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Sir Clive McPherson

1884 – 1958

Sir Clive McPherson (1884-1958), pastoralist and businessman, was the son of a bank manager, and his mother was a pianist who came from a pastoral family. Having attended Caulfield Grammar, he started his banking career at thirteen, but soon left to work on his uncle’s property. Before he was twenty he was overseer at Bungeeltap, Ballan, whence he proceeded to a position as book keeper on a property in the Riverina. In 1903 he began working in an auctioneering firm; soon, he became managing partner of an auctioneering business of his own, McPherson, Thom, Kettle and Co. In 1920 he and his wife bought Boomanoomana at Mulwala, NSW, and over the ensuing years he bought six more properties in NSW and Victoria. Over the 1920s he became well-known as a rural leader and man-about-Melbourne. He served on many bodies including the British Phosphate Commission, the Dairy Produce Export Control Board, the Victorian Unemployment Council and the Closer Settlement Commission, the latter set up to alleviate rural crises brought on by the Depression. He moved with his family to Melbourne in 1933 and was knighted in 1941. Later, he was on the boards of the National Bank of Australasia and the Commonwealth Bank as well as the Royal Melbourne Hospital. During World War II he was honorary chairman of the Australian Wheat Board. Close friends with Sir Harold Darling and Robert Menzies, he lost his Commonwealth Bank and British Phosphate directorships under the post-war Labor government. Henceforth he concentrated on Younghusband Ltd, the pastoral house of which he was managing director and chairman from 1938 until his death.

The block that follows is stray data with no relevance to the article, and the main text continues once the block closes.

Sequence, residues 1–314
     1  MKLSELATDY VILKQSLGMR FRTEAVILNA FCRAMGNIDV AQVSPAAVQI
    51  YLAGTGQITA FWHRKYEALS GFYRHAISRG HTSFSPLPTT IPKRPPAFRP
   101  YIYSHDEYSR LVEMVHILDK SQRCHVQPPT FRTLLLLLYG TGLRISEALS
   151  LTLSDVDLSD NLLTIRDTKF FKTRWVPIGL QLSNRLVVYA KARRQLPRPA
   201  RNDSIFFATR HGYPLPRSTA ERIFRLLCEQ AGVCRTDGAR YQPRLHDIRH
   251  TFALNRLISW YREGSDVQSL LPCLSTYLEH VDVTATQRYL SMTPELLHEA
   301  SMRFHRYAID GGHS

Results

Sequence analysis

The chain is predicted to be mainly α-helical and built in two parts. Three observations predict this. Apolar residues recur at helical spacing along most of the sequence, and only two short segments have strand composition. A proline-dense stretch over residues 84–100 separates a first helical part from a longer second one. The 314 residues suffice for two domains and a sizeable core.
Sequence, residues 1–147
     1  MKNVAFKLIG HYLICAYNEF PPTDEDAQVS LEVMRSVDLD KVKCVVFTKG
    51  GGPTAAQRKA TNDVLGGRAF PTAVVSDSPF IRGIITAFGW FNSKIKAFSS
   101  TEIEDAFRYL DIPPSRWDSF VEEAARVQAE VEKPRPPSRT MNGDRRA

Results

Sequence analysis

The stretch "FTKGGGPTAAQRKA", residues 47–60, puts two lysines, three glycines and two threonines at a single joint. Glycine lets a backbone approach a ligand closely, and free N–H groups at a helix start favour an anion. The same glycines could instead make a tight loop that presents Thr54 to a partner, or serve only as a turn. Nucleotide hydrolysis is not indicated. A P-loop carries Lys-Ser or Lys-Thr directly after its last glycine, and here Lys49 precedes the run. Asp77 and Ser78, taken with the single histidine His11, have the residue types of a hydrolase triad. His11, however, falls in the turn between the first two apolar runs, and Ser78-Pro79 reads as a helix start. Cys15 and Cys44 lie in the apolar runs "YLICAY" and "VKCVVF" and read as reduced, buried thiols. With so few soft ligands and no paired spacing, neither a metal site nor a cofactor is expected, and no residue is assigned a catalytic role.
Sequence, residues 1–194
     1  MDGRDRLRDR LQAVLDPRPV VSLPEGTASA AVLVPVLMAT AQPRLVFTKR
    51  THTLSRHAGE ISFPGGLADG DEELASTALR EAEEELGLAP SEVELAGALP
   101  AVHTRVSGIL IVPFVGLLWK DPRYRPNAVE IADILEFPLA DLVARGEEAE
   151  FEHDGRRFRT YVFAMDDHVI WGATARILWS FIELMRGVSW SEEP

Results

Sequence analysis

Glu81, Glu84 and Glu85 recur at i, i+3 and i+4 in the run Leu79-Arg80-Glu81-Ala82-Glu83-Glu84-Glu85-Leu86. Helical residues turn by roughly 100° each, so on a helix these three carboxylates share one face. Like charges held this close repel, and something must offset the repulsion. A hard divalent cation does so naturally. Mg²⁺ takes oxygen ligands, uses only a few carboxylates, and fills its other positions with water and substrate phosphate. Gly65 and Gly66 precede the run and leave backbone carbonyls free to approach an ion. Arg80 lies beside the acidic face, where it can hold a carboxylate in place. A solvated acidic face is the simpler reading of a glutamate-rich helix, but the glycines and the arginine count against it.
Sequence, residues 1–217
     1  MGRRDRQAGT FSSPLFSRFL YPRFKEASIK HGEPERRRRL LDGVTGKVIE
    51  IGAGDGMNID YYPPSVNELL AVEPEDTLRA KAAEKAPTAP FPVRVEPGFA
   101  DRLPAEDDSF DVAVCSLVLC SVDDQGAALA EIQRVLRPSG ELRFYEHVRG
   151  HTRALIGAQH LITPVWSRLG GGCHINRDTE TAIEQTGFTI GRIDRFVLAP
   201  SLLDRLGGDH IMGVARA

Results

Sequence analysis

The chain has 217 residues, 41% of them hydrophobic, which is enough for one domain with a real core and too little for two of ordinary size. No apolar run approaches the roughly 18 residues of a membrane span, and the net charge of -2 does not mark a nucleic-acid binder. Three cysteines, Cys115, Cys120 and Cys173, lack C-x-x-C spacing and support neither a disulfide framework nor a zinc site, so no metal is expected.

Updated 2018